GENETICS

Genetics is the scientific study of genes – the instructions that govern a person’s growth, development, and health.

These are passed down from parents to children via sexual reproduction. Each cell in the human body has more than 20,000 genes stored in the cell’s nucleus. They provide the entire genetic code for a person and vary so that, apart from identical twins, each person has slightly different genes and has their own unique set of features.

DNA
Genes are found contained within long ribbon-like strands of deoxyribonucleic acid(DNA) molecules. Pairs of DNA molecules wind round in what is called a double helix. They are linked by chemical substances called bases, which are found in pairs. Long sequences of base pairs form genes. DNA can copy itself when cell division occurs so that a precise copy of the DNA is present in the new cell.

CHROMOSOMES
DNA is packaged into 23 pairs of chromosomes inside a cell. Twenty-two of these pairs are similar in men and women. The 23rd pair are the sex chromosomes. These consist of two X chromosomes in females (XX) and one X and one Y chromosome in males (XY). Male and female sex cells (sperm and eggs) contain just one of the two sex chromosomes. A male child develops if the sperm contains the Y chromosome.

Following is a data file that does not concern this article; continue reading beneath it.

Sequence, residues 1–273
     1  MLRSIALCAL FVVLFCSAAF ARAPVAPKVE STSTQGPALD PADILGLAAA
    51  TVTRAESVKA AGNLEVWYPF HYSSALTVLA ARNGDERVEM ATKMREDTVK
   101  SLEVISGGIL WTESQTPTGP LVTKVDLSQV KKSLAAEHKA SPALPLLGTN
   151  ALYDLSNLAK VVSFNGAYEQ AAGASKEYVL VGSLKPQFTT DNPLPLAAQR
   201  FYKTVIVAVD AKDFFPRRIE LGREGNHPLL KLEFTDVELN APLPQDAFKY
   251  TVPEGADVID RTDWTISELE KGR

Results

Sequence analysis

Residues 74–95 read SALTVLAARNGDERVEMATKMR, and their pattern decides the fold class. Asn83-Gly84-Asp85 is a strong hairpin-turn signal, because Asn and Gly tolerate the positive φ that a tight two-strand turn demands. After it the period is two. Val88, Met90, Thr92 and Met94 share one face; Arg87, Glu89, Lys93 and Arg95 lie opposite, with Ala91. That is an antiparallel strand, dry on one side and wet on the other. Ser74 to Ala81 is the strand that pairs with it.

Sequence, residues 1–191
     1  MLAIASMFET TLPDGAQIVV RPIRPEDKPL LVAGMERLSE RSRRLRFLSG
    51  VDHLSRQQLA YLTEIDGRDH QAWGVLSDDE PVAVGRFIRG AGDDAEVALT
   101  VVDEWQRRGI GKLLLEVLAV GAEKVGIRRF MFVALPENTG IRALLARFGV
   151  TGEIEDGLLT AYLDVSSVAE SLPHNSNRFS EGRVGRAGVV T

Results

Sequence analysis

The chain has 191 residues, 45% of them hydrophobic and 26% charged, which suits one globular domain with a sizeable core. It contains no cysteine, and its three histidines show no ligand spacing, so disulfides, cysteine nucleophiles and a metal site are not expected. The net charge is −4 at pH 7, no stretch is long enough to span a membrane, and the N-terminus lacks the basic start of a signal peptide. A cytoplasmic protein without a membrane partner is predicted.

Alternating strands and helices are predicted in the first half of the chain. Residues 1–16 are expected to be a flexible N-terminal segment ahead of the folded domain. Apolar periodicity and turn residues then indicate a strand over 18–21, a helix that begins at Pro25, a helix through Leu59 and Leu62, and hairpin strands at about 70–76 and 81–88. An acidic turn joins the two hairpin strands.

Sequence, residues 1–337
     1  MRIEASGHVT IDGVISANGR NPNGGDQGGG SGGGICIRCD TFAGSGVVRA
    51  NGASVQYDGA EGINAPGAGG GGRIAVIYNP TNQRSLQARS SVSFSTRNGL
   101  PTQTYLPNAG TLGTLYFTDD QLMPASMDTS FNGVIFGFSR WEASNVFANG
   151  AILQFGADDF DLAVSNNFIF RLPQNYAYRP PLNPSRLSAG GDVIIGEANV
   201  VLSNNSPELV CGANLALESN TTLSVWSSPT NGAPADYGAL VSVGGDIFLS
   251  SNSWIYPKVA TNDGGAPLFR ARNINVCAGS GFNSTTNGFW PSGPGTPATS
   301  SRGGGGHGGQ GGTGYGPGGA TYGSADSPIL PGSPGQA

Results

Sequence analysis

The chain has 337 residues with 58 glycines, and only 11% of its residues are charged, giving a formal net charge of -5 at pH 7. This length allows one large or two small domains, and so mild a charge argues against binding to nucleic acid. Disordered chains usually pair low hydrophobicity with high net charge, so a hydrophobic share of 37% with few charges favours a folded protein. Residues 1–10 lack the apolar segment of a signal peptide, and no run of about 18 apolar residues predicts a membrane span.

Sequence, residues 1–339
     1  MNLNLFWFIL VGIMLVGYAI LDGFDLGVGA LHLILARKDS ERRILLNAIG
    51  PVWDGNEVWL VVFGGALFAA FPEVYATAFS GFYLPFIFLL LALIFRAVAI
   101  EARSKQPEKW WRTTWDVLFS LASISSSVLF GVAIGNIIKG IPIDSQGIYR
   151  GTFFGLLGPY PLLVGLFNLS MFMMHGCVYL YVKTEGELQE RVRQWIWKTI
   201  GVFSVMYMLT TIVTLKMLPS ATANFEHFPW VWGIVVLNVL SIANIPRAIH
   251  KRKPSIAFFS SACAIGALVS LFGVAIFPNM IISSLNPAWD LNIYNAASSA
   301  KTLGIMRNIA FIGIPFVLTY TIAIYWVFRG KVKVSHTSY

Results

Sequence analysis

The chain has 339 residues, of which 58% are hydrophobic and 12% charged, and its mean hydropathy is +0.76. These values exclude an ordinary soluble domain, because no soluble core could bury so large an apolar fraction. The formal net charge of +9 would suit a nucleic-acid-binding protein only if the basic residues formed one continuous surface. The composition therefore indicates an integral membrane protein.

INHERITANCE
Three generations of the same family share many similar features as a result of a parent and child sharing 99.95 per cent of the same DNA. A child inherits half of their chromosomes from their father and half from their mother. Sometimes, the genes from each parent, such as hair colour, do not match. In these cases, the dominant gene wins and is inherited by the child.

HUMAN GENOME PROJECT
Genome is all the genetic material contained in a full set of chromosomes. In 1990, an international project began to identify all the thousands of genes and the sequences of the nearly 3,100 million base pairs in human DNA. The identification was completed in 2003, but research continues to understand more about how genes work and how gene therapy might be able to replace faulty genes.



DNA FINGERPRINTING
Crime-fighting agencies use DNA fingerprinting to trace identities of criminals and victims.

A DNA fingerprint is constructed by first taking a sample of DNA from a person’s blood, hair, or a swab inside their mouth. A complex series of processes sees DNA extracted from the nucleus of a cell, cut into smaller pieces, processed, and imaged using X-ray photography. New DNA samples can be compared to those already held in order to try to find a match.

CLONING
Scientists are able to produce copies of individual genes, cells, and, in some cases, entire organisms, in processes called cloning. Scientists have cloned many animals, including sheep and cats. These creatures were created using somatic cell nuclear transfer. This is where the cell nucleus from an adult animal is placed inside an egg cell that has had its own nucleus removed.

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